Signpost (Weber, Utah), 1976-05-07, 11
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t j n May 7, 1976 Weber alumnus to run for governor Ogden Mayor A. Stephen Dirks, graduate of Weber State College, today announced his intention to seek the democratic nomination for governor. Speaking from the Council Chambers of the Ogden Municipal Building, Dirks said he was running for governor because "I believe in our system of government and I believe that the executive office is the correct level to deal with the issues which face us. That is why I seek the office of governor and not a lesser, perhaps more accessible one." Citing his achievements as Mayor, Mr. Dirks said that together with the citizens of the community an industrial park, a downtown shopping mall and the renovation of the Union Station and Ogden's 25th street have been achieved without raising property taxes. However, he Jeels that the existing tax structure penalizes the citizen for property improvements and that other alternatives to the question of taxation and community development should be explored. "Decisions made at the state level should be made with a full understanding of their impact" Dirks concluded. The candidate, now serving his second term as Mayor of Ogden, feels the vital issue of the campaign - "at least for me" - is the decision making process itself. He criticized the habit of making political issues emotional ones and said "by refusing to deal logically with our system of government we undermine the system itself." Citing the Watergate scandal as his reason for first entering politics, the 33-year old Mayor said that he feels if our system seems to fail it is because citizens fail to make it work. Concluding his announcement Dirks said he feels it is every citizen's responsibility to participate in government and that is why he is running in 76. Mr. Dirks is the only announced democratic candidate who presently holds an elective office. Elected in 1973, at age 30, he became Ogden's youngest mayor. In a second bid in 1975 Dirks shattered precedents by running unopposed, the first mayor in Ogden's 121 year history to do so. A native of Salt Lake City, the candidate attended Weber State College where he majored in mathematics and minored in physics and German. Discharged as a Sergeant, U.S. Army in 1969, Mr. Dirks went to work at the Bank of Utah where he is now manager of the Escrow deaprtment. Since his election in 1973, Mr. Dirks has been named to several state and national committees. He now serves as Vice-Chairman of the U.S. Conference of Mayors Bicentennial Committee, and other assignments include the National League of Cities Policy Committee on Community Development, the Governor's Advisory Committee on Community Development, the Wasatch Front Regional Council, the Weber Area Council of Governments and the Executive Committee of the Weber Industrial Bureau. Don't let that class drag you down ! Today is the final day for dropping a course this quarter. The registrar's office will be open until 5 pm this afternoon for your convenience. Veterans, if you drop a class, be sure to go on downstairs to Room 102 and tell the VA people about it, so your benefits won't get messed up about three months from now. They'll be around until five also. i V Morning Mail : WSC student Melvin Dummar reviews mail he has received from all over the country since he was named in the alledged Howard R. Hughes will found in the L.D.S. Church Office Building. This exclusive photograph was taken inside Mr. Dummar's gas station -store-home on Utah Route 89 in Willard, Utah. Mr. Dummar was named to a 116 share of the Hughes estate, which coul amount to over $150 million. AAark AAasur denied Committee position Mark Masur, student communications vice president said yesterday that he had requested to be on the Special Events Center committee and that it was Studentbody President Kyle Mattson's decision not , to recommend him for it. As Communications Vice Presiden, Masur is responsible for booking concerts and convocation speakers. Earlier this year, Masur attended a conference in Washington D.C. to learn methods of booking speakers, concerts and other forms of entertainment for large, arenas such as the Super Dee. . The trip cost the student $834 for Masur and advisor Ray Myers, neither of who were appointed to the committee. Last week, Mattson said that he did not recommend Masur to the special events center committee . ' .' J' 5 1 tT( " " i . .r- k v ty because he did not want to overburden him and he felt that it was more important for Masur to be on the Student Publications Task Force. Student publications are also a part of the responsibilities of the Communications Vice President. Masur, however, said that he told Mattson that he would only serve on the publications task force if he could also serve on the special events center committee and, that if he could only serve on one committee, he wanted to work on the events center. Last Tuesday, Masur resigned for the Publications Task Force. In reference to the fact that there is not a student majority on the committee, Masur said "If the students get the short end of the stick it's not the administration's fault. ..we've let the student majority slide for two months and we only have three weeks left. Weber State College 1 ,lf.-J-iC- Discovery at Weber reported In a follow-up to Tuesday's report concerning research going on here at Weber, Signpost reporters have learned that Dr. Levi S. Feingold, WSC scientist and professor, has discovered that the vision components known as "rods and cones" may exist in other parts of the body besides the eyes. "I was lead to this hypothesis," reported Dr. Feingold, "when I began using the Signpost in the bottom of my bird cage, and my parakeets developed hemorrhoids." Continuing research in this area goes on, with the Professor experimenting next with the Utah Daily Chronicle.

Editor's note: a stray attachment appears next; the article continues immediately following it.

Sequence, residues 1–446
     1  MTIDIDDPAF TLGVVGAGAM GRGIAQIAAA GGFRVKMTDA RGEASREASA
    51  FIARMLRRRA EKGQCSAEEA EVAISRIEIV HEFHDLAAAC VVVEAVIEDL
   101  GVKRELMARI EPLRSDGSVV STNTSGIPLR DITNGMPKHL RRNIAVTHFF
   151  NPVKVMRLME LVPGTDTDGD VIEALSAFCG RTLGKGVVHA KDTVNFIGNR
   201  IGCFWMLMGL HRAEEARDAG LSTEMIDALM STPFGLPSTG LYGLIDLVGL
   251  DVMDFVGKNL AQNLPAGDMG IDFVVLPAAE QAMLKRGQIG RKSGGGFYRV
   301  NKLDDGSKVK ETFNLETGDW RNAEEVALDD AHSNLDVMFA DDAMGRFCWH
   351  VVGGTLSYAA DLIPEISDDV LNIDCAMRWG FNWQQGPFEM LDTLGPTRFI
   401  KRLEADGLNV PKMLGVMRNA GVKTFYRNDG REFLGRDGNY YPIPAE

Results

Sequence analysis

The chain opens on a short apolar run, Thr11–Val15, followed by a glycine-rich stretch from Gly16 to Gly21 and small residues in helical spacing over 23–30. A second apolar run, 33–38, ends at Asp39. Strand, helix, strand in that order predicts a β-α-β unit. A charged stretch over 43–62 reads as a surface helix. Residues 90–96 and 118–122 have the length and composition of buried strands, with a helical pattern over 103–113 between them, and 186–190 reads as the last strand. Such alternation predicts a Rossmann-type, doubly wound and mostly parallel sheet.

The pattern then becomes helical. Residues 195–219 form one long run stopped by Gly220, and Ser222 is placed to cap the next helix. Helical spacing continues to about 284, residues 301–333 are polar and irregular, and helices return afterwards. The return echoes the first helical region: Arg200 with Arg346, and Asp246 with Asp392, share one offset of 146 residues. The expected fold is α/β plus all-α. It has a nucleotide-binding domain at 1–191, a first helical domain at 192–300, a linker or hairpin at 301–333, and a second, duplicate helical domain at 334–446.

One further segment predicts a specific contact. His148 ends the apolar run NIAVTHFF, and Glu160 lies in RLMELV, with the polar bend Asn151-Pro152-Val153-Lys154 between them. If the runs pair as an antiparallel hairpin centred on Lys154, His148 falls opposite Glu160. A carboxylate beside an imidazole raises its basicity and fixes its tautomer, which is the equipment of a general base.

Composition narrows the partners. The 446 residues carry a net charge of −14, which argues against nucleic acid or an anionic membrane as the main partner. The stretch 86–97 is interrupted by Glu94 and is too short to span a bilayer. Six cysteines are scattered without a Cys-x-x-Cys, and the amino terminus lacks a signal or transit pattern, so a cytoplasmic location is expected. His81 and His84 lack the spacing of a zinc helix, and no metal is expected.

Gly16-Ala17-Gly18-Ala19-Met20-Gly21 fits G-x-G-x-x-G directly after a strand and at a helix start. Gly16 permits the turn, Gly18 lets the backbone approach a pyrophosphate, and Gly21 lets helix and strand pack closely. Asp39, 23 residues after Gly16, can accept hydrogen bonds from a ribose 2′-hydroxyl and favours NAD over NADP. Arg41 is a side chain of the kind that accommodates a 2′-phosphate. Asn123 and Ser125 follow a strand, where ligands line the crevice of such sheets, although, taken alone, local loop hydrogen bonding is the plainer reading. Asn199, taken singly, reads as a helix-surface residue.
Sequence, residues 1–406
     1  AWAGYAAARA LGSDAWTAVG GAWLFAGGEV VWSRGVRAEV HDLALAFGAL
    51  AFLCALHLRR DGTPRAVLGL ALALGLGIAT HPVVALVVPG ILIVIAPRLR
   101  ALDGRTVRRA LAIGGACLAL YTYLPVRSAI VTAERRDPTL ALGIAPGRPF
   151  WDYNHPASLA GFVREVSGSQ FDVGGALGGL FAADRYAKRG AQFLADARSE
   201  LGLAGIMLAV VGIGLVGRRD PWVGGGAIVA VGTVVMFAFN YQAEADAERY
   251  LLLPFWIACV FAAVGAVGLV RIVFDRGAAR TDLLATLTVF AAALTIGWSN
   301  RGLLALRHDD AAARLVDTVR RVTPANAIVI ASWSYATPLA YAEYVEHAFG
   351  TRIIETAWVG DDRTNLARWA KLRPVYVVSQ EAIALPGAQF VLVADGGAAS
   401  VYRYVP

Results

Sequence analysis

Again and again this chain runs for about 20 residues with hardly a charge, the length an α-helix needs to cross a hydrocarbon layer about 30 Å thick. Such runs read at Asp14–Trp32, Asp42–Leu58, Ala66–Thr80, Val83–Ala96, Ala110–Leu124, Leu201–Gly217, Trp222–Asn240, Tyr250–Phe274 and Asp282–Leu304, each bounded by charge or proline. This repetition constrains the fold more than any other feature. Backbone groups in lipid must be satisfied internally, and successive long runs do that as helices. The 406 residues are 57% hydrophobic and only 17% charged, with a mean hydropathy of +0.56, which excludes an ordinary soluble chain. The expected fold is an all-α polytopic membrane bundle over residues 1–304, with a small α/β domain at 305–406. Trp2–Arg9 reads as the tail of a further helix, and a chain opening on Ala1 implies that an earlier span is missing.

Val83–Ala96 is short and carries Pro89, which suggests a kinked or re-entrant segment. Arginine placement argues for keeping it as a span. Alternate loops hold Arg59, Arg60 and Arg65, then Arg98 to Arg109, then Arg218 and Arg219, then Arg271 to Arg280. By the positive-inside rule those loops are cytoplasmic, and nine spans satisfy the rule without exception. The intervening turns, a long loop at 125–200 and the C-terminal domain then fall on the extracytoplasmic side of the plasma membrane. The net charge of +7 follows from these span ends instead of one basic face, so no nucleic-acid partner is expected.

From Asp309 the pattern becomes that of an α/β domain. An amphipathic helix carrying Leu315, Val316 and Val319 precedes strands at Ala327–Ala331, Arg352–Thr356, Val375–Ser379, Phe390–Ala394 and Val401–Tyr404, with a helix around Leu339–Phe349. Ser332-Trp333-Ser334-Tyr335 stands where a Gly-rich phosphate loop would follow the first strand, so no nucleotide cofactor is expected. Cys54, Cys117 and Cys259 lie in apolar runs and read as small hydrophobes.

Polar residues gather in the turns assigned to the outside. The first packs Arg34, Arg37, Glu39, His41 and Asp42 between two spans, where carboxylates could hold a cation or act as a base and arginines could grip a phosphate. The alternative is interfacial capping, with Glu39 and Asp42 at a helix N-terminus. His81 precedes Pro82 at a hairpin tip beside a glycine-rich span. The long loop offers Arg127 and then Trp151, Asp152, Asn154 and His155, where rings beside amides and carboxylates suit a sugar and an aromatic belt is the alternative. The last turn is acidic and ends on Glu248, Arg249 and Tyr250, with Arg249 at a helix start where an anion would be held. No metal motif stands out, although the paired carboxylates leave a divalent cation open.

|Title||Signpost (Weber, Utah), 1976-05-07, 1, Vol. 36, No. 51|
|Creator||Weber State College|
|Contributors||Associated Students of Weber College; A generous grant from the Utah State Library and the Institute of Museum and Library Services.|
|Description||Weber's current student newspaper, the Signpost, first appeared on September 29, 1937. For two years prior to that time, campus news was disseminated via announcements posted on a bulletin board known as the "Signpost". As a result, the masthead of the first issue of the paper itself featured a rudimentary wooden sign with the title spelled out in rustic-looking letters. Over the years the paper has been published continuously, though the look, size and style has changed several times.|
|Subject||College student newspapers and periodicals; Weber State College|
|Publisher Digital||Stewart Library, Weber State University|
|Source||University Archives LD5893.W55 S5, Stewart Library, Weber State University|
|Rights Management||Public Domain. Courtesy of University Archives, Stewart Library, Weber State University.|